Children at risk of separation from families as hunger crisis sweeps East Africa

11/07/2011

Up to half a million children may become separated from their families as drought grips East Africa, aid agencies from the Disasters Emergency Committee (DEC) have warned.

The DEC continues to appeal for funds as more than 10 million people are affected by food and water shortages across the region, spiralling food prices and the worst drought for 60 years in some areas. Members of the DEC, including child-focused agencies Save the Children, Plan, ActionAid, CARE and World Vision, continue to step up operations by providing emergency food, water and healthcare.

Disasters Emergency Committee Chief Executive Brendan Gormley said:

"In any emergency we see worryingly high levels of unaccompanied and separated children, but this drought is potentially worse than others because of the long distances families have to travel to seek help.

"Some parents are leaving children at home as they search for food, in the belief they will be safe there. Others are sending their older children out to find food, water and income, while they watch over the family homes. This highlights the increased risks children are facing as a result of this crisis."

“Unaccompanied children are more vulnerable to neglect, abuse, exploitation, disease and malnutrition, so we must ensure we focus on their needs. All efforts must be taken to keep families together, and where children do become separated we need to trace families and reunite children with their parents or caregivers wherever possible.”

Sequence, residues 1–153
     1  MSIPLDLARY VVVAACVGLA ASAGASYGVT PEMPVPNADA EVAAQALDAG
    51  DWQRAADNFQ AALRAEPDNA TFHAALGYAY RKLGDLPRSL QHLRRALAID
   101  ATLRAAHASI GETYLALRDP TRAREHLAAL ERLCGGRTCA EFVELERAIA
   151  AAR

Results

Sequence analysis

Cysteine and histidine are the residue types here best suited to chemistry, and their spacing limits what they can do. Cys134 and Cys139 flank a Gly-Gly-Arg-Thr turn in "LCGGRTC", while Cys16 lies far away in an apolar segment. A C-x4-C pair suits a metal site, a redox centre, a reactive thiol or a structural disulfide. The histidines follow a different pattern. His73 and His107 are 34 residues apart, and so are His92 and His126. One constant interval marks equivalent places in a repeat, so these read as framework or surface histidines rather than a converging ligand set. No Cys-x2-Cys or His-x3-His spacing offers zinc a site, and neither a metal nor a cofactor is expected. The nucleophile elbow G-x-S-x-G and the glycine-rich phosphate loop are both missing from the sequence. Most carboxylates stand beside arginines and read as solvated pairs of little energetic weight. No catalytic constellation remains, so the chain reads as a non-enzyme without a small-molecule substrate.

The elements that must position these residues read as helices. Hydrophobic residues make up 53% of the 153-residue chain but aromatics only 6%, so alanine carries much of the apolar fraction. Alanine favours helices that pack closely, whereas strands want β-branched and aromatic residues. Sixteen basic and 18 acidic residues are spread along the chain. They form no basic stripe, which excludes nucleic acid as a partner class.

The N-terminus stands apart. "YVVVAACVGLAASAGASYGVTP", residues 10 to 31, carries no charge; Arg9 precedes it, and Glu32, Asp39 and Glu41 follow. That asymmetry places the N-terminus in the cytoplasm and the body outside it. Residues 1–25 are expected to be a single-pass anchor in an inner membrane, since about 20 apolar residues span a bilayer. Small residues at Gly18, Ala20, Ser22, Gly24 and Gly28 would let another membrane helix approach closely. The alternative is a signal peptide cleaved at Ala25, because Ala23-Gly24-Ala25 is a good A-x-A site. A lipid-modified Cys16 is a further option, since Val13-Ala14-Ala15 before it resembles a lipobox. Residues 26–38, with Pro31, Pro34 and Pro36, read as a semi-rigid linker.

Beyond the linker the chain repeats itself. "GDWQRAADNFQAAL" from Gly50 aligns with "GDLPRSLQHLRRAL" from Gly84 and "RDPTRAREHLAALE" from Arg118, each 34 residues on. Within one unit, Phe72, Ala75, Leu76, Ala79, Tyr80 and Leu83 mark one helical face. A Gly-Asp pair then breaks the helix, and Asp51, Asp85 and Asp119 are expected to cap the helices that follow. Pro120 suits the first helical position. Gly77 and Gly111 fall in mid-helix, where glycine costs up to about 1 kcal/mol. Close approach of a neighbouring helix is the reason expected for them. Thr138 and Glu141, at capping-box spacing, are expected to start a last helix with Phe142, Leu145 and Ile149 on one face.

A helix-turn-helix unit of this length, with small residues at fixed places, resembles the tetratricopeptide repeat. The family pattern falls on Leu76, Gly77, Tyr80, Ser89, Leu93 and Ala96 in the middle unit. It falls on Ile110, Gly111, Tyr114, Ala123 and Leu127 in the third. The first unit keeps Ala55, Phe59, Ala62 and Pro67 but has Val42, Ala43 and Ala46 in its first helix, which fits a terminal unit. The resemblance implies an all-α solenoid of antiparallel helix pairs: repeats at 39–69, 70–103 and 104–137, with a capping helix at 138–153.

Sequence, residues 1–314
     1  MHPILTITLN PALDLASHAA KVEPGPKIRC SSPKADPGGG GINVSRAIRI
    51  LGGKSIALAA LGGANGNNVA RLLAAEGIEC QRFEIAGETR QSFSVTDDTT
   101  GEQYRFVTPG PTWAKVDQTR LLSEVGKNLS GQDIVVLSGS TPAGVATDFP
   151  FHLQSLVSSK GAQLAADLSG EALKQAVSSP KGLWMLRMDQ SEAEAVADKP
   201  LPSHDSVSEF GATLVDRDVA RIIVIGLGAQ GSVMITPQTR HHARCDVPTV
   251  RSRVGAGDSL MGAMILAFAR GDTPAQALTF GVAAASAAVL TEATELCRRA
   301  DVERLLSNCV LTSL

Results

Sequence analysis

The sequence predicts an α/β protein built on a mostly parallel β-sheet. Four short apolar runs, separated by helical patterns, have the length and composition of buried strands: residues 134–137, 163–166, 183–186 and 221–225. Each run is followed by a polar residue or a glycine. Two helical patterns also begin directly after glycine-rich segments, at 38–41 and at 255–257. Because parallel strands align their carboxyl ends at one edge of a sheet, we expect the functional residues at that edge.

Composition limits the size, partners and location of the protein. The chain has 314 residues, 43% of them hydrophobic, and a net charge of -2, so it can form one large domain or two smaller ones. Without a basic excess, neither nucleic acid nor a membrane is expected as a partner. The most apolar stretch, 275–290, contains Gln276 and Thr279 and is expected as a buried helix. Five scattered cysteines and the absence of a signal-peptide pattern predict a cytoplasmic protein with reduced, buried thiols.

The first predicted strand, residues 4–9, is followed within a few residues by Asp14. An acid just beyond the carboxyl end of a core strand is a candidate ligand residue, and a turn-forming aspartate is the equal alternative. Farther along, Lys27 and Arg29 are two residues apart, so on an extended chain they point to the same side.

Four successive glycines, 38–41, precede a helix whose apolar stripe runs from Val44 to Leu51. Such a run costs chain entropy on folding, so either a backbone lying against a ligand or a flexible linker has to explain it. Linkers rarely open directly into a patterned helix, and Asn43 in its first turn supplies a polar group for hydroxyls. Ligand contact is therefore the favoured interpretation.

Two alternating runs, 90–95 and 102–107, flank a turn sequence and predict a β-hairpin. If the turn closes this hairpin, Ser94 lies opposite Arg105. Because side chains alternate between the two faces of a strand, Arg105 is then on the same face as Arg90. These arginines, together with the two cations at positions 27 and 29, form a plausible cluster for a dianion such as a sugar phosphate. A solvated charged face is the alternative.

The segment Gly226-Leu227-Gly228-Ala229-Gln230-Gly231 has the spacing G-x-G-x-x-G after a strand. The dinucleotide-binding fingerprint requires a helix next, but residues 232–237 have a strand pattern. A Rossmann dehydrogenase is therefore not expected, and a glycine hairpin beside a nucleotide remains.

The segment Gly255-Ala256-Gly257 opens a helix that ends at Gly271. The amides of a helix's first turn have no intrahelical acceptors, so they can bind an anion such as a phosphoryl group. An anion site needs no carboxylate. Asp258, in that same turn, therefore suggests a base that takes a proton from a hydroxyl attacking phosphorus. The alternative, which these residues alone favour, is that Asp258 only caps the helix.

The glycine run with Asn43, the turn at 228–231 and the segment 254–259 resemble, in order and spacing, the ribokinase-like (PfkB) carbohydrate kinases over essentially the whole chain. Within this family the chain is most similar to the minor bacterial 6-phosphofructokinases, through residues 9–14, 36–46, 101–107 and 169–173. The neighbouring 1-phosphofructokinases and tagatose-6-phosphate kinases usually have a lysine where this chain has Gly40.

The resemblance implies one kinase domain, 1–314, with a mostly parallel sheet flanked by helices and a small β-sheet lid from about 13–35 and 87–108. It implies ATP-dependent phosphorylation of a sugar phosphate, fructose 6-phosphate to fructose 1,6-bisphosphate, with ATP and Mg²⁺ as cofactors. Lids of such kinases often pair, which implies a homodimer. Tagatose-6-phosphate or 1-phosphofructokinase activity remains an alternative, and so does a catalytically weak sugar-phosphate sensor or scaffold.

Aid workers from Islamic Relief are discovering villages and schools deserted by children as they have left desperately searching for water. In just one village, 70 children had dropped out of school in the last three months as the drought worsened. Concerns are also mounting that families are being forced to enter younger children into arranged marriages.

Mama Selina, from Batei village in Kenya's northern Rift Valley, was forced to enter her 14-year-old daughter into an arranged marriage in exchange for precious livestock to help the family stay alive. Now, even the goats she received have died. Mum-of-seven Selina said: "Often I'm very hungry and I only eat leaves”. Her seven children have stopped begging her for food, she told World Vision. "When there's no food, they don't ask. They're used to living like that."